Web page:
We’ll be heading across the river tomorrow to chat with the farmers from Carleton and check out their farm. It’s always fun to see what great ideas other local gardens have!
Have a great weekend!
Remember this from last week? (We posted this photo on our Twitter: follow us!)
We’re drowning over here. Literally. Today’s post is titled, “The Great Chicken Rescue” because that’s exactly what we spent today doing: saving our favorite fowl from the floodwaters that left their coop resting in an inch or so of leftover rain. We had been planning to move their coop for a few days now, so the storms were a good excuse to get on that task; however, the ground surrounding the coop was under at least 3 inches of water, which forced us to move the chickens to another coop entirely. They weren’t too happy about the change of location, and we spent the good half of an hour running around like awkward flamingoes in galoshes through the weeds, desperately trying to catch and transport the hens from pen A to pen B. The biggest challenge was cornering Ozzie: he made sure he made it as difficult as possible for us to catch him. He used his wings to his advantage a few times and even tested his swimming skills in the swampy waters before he tired out enough for us to wrangle him in. Never a dull moment here…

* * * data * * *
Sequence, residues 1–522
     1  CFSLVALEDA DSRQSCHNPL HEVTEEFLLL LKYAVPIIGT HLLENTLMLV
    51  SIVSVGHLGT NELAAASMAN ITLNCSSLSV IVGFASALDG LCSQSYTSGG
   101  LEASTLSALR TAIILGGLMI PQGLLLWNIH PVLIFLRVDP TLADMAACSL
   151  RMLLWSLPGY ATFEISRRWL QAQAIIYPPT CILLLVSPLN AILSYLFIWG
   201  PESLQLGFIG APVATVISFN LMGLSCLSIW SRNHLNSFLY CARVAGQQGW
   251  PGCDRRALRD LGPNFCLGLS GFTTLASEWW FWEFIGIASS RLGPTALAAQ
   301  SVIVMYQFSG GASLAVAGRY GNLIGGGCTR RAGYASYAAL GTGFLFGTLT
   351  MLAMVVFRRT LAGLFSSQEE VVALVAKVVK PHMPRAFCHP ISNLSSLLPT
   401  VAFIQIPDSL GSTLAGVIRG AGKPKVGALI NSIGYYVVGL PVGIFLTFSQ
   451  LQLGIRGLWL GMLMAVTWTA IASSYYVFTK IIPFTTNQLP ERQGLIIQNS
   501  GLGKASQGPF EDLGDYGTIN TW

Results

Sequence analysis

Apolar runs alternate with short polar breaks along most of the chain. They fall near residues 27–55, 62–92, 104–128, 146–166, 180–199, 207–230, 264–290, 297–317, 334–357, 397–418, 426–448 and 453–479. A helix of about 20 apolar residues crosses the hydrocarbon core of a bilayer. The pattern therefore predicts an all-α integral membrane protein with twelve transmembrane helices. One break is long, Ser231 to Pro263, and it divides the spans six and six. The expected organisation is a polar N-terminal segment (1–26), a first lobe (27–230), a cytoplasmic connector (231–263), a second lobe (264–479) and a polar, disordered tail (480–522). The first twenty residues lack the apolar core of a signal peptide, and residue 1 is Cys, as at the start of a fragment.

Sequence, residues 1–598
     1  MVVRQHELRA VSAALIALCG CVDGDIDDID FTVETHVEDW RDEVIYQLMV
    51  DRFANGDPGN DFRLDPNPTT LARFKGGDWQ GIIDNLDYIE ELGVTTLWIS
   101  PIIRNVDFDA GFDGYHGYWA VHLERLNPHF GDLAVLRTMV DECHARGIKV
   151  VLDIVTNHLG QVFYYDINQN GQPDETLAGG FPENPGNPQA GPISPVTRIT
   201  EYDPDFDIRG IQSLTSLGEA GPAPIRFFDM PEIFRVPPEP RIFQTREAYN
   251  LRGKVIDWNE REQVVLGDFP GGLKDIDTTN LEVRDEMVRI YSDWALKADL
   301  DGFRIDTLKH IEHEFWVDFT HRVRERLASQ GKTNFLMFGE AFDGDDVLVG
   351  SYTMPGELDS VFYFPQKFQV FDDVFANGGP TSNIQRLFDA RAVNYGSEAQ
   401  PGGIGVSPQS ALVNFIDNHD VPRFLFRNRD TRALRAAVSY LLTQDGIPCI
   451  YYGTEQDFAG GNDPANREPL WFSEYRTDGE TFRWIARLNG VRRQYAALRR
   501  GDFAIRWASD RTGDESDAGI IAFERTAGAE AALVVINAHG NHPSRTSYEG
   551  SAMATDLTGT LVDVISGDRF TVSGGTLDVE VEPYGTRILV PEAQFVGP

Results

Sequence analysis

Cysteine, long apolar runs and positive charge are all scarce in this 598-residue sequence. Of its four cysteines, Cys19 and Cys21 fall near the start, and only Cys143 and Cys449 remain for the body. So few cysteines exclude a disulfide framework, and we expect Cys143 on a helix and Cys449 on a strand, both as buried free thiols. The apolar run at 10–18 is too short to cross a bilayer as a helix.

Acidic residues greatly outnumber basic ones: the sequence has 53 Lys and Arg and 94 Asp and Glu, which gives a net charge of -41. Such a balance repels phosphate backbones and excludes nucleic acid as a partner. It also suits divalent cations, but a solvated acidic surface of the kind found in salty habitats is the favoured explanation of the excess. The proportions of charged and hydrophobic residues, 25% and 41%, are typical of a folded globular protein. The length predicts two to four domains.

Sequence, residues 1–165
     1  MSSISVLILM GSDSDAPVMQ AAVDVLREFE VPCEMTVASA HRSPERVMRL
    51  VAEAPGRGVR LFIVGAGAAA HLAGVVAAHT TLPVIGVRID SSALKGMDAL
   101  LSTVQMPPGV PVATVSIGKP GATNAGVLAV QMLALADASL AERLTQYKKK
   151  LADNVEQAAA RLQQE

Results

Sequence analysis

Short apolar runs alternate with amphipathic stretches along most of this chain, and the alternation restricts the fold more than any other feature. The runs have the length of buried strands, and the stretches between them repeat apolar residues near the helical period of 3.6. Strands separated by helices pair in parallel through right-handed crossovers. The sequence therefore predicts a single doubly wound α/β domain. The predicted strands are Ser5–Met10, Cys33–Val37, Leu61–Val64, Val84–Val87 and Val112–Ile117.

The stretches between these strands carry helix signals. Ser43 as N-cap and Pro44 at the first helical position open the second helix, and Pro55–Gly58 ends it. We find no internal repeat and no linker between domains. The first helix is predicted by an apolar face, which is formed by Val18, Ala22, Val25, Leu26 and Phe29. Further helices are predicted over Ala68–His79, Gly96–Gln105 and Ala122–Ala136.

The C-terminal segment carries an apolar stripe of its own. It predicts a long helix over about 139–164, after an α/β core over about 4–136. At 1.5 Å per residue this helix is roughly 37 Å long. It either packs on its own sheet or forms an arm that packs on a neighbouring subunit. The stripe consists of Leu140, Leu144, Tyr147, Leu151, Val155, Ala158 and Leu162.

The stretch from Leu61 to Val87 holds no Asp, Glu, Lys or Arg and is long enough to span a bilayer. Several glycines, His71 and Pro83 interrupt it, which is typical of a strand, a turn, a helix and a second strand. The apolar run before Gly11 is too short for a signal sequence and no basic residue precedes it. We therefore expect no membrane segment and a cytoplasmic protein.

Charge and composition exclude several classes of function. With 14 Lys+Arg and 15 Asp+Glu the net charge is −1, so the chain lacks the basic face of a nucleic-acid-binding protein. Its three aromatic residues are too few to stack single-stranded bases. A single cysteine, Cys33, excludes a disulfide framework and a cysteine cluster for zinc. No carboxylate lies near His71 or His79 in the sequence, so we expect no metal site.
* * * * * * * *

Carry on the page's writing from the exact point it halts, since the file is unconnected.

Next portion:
The field is completely saturated, so we were unable to continue planting. However, everything left in the greenhouse is growing fabulously, so when the ground does dry up enough for us to plant, the seedlings will be healthy and strong and ready to transplant. We finished up the morning stuffing our lettuce patch with as many lettuce and snap pea seedlings as we could possibly fit. Hope you like snap peas St. Olaf, you’ll be eating them for the rest of your lives in the caf this fall!
This week brought some much needed rain to the farm finally! The soil that once resembled gray chalk is now a pleasant charcoal color, and the plants are thriving. Today’s forecast called for severe thunderstorms; this morning at work, we were unsure if the ominous dark skies and accompanying thunder encroaching upon Northfield were truly rain clouds or the apocalypse. We finished setting up bean canopys, planting lettuce, squash, beans, and peas, and cleaned up just as the skies erupted.